AM NO STRANGER to the typical musical situation in the Catholic Church. I certainly don’t want readers to label me as a nattering nabob of negativism (in the words of Spiro Agnew). Nevertheless, I think most readers would agree the current situation is heartbreaking. Goofy, undignified, secular songs are played during the Holy Mass, and frequently the texts are barely even Christian (much less Catholic). When I began working for the Catholic Church, my Pastor—who referred to himself as “the most conservative priest in the city”—urged me to play You Are The Wind Beneath My Wings after Communion. He told me it was his favorite COMMUNION MEDITATION SONG. (I refused to play it.) Through no fault of their own, some clerics have no idea what constitutes liturgical music. I hardly need to belabor the point; most readers are all too familiar with the situation.
Simple Music Done Well • I personally can’t stand hearing music done poorly. I suspect I got this trait from my mother. That’s why I regularly promote sacred music within reach of the ‘average’ Catholic cantor, organist, or choir. Something I’ve praised over and over is the “shared melody technique” pioneered by the Brébeuf Hymnal.
Not So Fast! • I have emphasized that “marrying” hymn texts with hymn tunes must be approached with sensitivity. At the same time: You can please some of the people some of the time, but you can’t please all of the people all the time. Different cultures have different traditions and expectations. For example, in Germany, the melody for O SANCTISSIMA is reserved for Christmas Eve. Needless to say, in the United States, we sing O SANCTISSIMA (with a text to the blessed mother) throughout the liturgical year.
Example A • Some pairings, in my humble opinion, are indefensible. Consider this example from the “Hymnal of Christian Unity” published in 1964 by Clifford A. Bennett and Paul C. Hume. The IMPRIMATUR (24 April 1964) came from the bishop of Toledo:
Example B • The following pairs a text by SAINT ROBERT SOUTHWELL—a brave Jesuit priest, brutally martyred by the Anglicans in 1595AD—with a melody that’s … well, you’ll see:
Example C • The third example comes from the SAINT PIUS XII HYMNAL, published in 1959 with accompaniments by Joseph Roff. I think you’ll understand why I consider this a “pernicious” pairing:
Example D • The fourth example comes from the “Saint Rose Hymnal,” with an IMPRIMATUR from 1 October 1938. It pairs a cheerful, sparkling, bright melody (“Cor dulce, Cor amábile”) with the hymn sung on Good Friday:
Example E • The following comes from the “Laudate Hymnal” published in 1942 by Father Green and Father Koch. They pair a traditional Marian tune with a Christmas text:
Example F • Finally, consider this example from “Saint Mark’s Hymnal for Use in the Roman Catholic Church in the United States” (1910) published in Peoria, Illinois:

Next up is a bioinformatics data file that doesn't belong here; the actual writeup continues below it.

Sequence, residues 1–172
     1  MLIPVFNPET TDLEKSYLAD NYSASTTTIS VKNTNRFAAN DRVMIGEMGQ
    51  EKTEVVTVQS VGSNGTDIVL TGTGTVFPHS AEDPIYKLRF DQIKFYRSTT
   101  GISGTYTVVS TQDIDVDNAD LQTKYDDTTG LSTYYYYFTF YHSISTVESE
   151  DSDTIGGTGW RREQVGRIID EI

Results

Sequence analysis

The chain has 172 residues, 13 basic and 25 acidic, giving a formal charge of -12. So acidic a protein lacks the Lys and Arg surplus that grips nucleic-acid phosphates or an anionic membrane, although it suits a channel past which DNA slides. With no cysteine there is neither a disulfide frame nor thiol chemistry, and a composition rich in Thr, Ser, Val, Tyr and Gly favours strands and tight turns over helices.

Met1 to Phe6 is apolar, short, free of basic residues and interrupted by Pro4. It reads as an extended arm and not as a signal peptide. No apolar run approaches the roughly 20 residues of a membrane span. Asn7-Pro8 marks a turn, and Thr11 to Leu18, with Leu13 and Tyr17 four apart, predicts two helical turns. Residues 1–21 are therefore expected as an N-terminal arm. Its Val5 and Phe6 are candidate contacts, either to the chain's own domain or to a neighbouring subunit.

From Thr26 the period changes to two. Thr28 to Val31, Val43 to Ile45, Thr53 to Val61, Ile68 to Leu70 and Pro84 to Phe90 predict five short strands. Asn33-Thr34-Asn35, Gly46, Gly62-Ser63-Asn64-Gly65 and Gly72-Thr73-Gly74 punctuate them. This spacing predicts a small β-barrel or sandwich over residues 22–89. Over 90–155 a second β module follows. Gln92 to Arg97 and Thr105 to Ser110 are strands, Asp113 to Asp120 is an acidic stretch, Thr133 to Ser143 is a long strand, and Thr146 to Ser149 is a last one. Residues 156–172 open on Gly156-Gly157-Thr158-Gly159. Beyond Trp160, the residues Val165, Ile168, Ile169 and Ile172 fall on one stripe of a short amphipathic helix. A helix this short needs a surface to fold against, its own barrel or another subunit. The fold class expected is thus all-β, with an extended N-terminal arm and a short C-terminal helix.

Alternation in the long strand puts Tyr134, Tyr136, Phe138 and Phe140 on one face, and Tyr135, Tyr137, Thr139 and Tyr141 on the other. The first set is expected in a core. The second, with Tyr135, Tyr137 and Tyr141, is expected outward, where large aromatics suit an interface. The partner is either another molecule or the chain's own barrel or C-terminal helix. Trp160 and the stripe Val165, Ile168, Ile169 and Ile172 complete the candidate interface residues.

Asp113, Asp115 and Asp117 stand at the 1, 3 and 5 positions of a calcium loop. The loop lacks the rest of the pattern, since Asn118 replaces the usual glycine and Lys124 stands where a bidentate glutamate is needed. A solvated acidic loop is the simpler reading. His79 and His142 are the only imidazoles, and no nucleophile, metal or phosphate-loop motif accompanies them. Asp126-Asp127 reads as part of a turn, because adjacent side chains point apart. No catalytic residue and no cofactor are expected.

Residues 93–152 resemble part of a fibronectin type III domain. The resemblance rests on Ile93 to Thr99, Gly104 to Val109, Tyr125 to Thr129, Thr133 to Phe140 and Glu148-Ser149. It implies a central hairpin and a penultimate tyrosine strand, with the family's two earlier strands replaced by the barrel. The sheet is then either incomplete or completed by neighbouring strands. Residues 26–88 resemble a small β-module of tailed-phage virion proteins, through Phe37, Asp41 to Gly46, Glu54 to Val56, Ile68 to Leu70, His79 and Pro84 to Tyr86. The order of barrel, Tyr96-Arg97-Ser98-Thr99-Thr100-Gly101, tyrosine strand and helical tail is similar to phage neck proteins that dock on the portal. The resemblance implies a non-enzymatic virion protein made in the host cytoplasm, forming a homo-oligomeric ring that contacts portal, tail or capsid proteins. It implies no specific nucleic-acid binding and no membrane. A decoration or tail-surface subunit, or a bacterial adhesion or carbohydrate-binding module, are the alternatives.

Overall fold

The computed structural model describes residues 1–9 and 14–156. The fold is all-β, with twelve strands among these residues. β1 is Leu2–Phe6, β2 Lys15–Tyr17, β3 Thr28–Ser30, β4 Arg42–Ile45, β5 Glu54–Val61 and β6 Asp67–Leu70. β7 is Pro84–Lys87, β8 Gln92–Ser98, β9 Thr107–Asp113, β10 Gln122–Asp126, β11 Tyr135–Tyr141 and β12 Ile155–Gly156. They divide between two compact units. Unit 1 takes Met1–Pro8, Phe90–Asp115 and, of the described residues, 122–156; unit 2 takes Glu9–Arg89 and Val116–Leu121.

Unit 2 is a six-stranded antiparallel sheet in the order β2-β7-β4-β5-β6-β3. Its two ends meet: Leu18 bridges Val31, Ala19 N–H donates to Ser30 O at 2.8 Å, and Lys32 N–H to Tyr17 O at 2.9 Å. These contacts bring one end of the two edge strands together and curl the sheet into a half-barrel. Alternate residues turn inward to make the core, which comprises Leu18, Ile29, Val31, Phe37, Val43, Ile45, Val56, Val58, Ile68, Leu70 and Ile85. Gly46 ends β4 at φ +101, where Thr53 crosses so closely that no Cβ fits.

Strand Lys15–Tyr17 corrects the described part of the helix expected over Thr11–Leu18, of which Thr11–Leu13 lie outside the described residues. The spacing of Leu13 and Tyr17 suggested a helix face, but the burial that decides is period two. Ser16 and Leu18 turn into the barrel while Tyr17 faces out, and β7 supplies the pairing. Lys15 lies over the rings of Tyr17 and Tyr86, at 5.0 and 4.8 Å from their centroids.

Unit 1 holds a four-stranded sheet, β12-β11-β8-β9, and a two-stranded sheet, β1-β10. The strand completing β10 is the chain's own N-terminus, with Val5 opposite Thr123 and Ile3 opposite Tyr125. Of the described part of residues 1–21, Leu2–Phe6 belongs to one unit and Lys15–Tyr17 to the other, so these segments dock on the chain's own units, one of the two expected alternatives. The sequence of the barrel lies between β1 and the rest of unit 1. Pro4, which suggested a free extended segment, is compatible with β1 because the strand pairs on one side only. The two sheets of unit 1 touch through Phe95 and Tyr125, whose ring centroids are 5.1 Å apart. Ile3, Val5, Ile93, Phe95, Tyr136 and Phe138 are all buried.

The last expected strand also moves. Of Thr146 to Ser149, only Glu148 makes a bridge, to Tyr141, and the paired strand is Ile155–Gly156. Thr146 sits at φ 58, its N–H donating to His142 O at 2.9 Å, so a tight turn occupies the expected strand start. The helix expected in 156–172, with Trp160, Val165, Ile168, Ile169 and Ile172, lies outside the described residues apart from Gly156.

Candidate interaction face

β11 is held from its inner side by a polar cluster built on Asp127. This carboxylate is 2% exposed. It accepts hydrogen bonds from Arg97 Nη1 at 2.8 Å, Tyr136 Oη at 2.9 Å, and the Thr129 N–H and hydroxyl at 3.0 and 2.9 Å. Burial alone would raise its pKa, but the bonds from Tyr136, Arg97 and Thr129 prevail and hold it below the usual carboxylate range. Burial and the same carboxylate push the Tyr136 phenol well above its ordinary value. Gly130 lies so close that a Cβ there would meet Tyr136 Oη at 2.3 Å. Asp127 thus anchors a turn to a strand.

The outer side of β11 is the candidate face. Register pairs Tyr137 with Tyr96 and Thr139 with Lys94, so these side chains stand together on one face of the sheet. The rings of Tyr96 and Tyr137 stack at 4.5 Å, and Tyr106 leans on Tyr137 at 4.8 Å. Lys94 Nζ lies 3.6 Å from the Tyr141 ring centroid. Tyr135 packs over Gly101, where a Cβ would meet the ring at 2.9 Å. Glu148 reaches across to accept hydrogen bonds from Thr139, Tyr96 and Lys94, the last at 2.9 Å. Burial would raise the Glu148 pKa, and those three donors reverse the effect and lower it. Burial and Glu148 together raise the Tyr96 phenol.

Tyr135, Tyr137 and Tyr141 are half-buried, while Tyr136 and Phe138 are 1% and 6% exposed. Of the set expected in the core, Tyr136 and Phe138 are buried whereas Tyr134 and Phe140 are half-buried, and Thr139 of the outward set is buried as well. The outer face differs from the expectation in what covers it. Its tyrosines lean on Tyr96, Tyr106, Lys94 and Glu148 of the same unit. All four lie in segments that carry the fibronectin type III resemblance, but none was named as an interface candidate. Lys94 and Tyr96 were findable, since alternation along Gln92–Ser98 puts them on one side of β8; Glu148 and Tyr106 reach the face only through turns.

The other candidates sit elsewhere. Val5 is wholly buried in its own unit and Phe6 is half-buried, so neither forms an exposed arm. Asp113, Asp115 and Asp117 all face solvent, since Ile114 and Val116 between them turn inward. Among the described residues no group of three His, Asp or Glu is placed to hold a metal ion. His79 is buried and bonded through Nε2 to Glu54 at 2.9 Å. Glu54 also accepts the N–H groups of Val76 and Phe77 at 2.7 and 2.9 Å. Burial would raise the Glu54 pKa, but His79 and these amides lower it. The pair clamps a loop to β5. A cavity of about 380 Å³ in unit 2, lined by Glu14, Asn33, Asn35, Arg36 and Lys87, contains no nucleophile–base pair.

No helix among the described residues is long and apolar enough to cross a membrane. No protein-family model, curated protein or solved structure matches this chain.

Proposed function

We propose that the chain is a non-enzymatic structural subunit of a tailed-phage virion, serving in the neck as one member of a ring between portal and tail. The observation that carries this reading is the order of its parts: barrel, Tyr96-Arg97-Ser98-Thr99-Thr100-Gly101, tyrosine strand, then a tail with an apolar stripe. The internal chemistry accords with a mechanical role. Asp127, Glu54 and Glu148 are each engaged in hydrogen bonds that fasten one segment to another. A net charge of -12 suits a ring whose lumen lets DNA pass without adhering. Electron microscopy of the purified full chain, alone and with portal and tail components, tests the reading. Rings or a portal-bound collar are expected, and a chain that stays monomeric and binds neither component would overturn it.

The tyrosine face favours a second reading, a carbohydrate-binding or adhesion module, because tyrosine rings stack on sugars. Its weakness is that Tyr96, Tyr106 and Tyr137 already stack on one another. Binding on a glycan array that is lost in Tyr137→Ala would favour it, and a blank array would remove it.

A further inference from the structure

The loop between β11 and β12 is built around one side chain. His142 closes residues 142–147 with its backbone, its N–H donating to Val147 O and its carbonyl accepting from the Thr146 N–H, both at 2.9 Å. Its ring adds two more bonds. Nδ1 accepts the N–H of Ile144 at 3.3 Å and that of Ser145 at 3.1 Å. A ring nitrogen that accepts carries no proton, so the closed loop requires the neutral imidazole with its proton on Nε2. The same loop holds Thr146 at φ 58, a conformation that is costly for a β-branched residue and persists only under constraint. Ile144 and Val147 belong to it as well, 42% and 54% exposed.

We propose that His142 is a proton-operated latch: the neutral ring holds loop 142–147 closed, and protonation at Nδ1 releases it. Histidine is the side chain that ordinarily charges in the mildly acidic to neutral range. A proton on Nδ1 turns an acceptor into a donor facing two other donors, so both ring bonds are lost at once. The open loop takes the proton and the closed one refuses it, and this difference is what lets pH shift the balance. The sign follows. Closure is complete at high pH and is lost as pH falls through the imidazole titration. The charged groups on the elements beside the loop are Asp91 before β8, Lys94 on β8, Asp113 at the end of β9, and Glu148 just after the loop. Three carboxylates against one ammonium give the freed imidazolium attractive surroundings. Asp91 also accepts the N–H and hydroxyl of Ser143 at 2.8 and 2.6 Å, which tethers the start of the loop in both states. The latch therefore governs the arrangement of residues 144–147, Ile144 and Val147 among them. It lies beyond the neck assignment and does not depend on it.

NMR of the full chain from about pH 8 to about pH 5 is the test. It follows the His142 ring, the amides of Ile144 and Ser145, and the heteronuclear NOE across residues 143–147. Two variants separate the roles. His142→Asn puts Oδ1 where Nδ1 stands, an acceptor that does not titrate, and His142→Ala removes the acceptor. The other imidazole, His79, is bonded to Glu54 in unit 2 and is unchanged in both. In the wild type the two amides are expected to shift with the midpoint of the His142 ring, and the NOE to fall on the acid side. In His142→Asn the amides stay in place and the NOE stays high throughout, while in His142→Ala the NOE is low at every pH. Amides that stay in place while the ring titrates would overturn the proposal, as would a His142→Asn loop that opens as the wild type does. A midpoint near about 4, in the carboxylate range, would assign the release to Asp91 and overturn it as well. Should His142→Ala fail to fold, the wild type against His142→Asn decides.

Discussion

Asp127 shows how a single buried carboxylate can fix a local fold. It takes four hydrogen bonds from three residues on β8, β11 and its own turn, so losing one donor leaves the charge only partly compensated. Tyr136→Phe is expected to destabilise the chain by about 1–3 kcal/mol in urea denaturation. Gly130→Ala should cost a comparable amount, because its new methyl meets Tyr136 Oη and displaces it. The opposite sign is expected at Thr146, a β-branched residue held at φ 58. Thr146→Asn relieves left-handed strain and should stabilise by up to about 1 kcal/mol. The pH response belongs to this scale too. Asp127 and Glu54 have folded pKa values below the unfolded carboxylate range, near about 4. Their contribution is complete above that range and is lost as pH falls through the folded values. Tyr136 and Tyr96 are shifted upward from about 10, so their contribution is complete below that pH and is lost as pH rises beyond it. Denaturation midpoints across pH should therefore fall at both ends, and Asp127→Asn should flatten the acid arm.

Enough Is Enough • I could easily provide more examples, but hopefully you understand the point I’m trying to make. Some of the worst examples come from today’s legacy publishers, such as GIA PUBLICATIONS and OREGON CATHOLIC PRESS. Whoever edits those books seems to lack a basic understanding of linguistic register. For example, in this recent GIA hymn, the register is a total disaster. The GIA book mixes less formal language like “the Way we’re called” with more formal language like “the road you trod.” Perhaps they did that because they couldn’t come up with anything to rhyme with “GOD.” The rhymes are juvenile and predictable (e.g. “the Life, the Truth, the Way” rhymed with “for each new day”). The results are ghastly, and such hymns are almost never sung by anyone. Those familiar with the wonderful hymn Praise, My Soul, the King of Heaven—with a fabulous melody by John Goss (d. 1880)—will most likely be offended by that pairing.
Time Heals All Wounds • By the way, human beings can easily become accustomed to something—even if it’s incorrect. For example, many Protestants grew up singing a hymn called Abide with me with a text by Henry Francis Lyte (d. 1847). The melody is called “EVENTIDE.” The problem is, the very first word is wrong. The correct pronunciation is “a-BIDE” whereas the tune erroneously places the accent on the first syllable. Those who like this hymn will never admit the accentuation is flawed—they will go to their graves defending it. They’ve sung it so often that it no longer seems incorrect (to them). Another example of bad accentuation found in a popular hymn would be: “O comforter, to Thee we cry” in Father Caswall’s paraphrase of Véni Creátor Spíritus. The melody by Father Louis Lambillotte (d. 1855) places the accent as if it were “comfor-TER,” but the correct pronunciation is “COM-forter.” Yet another example comes from a gorgeous hymn called When I Survey the Wondrous Cross with text by Isaac Watts. Consider the accentuation of the word “sorrow” in its third verse. [However, that’s not as noticeable since it happens during an inner verse, rather than the first verse.]